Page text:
Standards and the GDPR Posted by Mike on 26 January 2016

The General Data Protection Regulation (GDPR) makes reference to approved certification mechanisms as a method of ensuring the security of data. This can be reflected across to Data Processors as well as Data Controllers.

Whilst the GDPR is not specific as to what these certified mechanisms are, it is a fair assumption to make that any current and recognised standard which provides a measurable improvement model around data management, will likely suffice.

The GDPR sets out a new approach to continuous compliance with Data Protection law. Focused on ensuring that Data Controllers, and their third parties, are continuously driving best practice in data management, to mitigate the likelihood of data breaches, there will now become a driving need for organisations to embed measurable change management to ensure this.

Many enterprises are currently highly familiar with utilising standards to implement best practice, but for most SMEs, this will be new territory.

From a data management perspective, there are two core objectives which should be considered when deciding on implementation of standards. The first is IT security, and the second is quality. By ensuring the first, you are putting in place strong controls around how data is processed, and by implementing the second, you are providing a framework for repeatability of assured processes. 

All of this leads to reduced risk of data breaches, in particular if you can embed strong security with quality of delivery.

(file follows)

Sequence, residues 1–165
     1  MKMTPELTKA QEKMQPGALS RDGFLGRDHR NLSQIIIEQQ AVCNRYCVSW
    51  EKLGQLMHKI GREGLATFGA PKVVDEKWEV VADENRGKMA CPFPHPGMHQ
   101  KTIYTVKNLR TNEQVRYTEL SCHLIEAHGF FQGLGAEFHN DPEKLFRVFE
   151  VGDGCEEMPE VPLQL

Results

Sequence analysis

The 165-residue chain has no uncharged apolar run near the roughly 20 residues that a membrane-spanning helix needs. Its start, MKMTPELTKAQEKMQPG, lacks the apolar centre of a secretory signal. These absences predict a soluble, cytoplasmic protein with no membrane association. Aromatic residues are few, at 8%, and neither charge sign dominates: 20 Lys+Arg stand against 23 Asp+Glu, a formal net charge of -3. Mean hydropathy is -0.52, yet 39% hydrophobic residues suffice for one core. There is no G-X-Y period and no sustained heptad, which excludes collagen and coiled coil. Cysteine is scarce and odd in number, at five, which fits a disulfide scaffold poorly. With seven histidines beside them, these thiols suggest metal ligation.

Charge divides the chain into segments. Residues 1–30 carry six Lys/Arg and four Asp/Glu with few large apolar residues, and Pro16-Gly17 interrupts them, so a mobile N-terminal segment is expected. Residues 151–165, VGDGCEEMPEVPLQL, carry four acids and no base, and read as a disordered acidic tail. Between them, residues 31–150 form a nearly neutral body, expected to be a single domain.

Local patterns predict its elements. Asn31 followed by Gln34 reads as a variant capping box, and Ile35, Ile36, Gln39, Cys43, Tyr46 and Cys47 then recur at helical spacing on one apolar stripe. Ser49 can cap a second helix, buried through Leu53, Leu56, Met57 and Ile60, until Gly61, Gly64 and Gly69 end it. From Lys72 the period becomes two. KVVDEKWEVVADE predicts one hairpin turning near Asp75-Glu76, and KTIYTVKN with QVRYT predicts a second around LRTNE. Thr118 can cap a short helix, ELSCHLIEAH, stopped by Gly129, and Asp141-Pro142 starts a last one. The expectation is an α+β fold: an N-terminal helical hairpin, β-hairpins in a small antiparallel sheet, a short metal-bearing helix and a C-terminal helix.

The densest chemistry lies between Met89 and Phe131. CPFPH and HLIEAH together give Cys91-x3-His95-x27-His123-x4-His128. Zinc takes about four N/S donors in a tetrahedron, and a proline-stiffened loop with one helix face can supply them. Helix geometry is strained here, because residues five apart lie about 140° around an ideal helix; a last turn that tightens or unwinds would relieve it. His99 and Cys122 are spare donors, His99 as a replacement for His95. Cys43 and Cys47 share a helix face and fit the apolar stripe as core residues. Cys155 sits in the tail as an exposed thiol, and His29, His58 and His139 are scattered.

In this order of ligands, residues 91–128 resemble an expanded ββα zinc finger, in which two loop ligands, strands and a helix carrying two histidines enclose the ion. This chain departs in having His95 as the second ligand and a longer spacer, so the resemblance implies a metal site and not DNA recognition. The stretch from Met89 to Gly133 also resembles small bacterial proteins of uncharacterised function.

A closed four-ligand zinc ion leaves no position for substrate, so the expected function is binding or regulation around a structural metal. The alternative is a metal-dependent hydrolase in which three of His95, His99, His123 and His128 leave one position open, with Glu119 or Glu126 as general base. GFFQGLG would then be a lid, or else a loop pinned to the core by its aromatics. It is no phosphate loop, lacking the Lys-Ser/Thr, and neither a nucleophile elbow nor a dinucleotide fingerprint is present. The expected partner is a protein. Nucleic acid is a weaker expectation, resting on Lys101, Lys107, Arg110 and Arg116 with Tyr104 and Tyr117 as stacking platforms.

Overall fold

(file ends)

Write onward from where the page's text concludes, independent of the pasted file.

So, what is the best way to do this? Firstly there are many international standards which one can choose when pursuing security and quality, but from my personal experience ISO 27001:2013 and ISO 9001:2015 are amongst the best out there. The former covers all the bases with regards to security, whilst the latter is the benchmark for assured quality programs. Also, they both compliment each other, which is always useful if you are implementing them at the same time.

However, implementing these standards is not for the meek. ISO 27001 can easily take over 12 months to complete from end to end, whilst ISO 9001 can be from 3-6 months. Be prepared for significant business impact on existing processes and to begin embedding a step change in employee behaviour and practices. Also, ISO 27001 can extend significant obligations and limitations out to third parties, or other parts of the business, where there may be data over-lap, which may be commercially challenging.

Nonetheless, the benefits are clear. Being able to provide clear and demonstrable evidence of controls around security and quality should go a long way in reducing the risk of breaches, or fines in the event any get past the net. 

In future articles I will talk in more depth about my experiences implementing programs of work using these standards, and for completeness I will also talk about other international standards, including our own experience here in Sytorus/PrivacyEngine, in building a Capability Maturity Framework for Data Protection with a leading university here in Ireland, called DP-Checkpoint.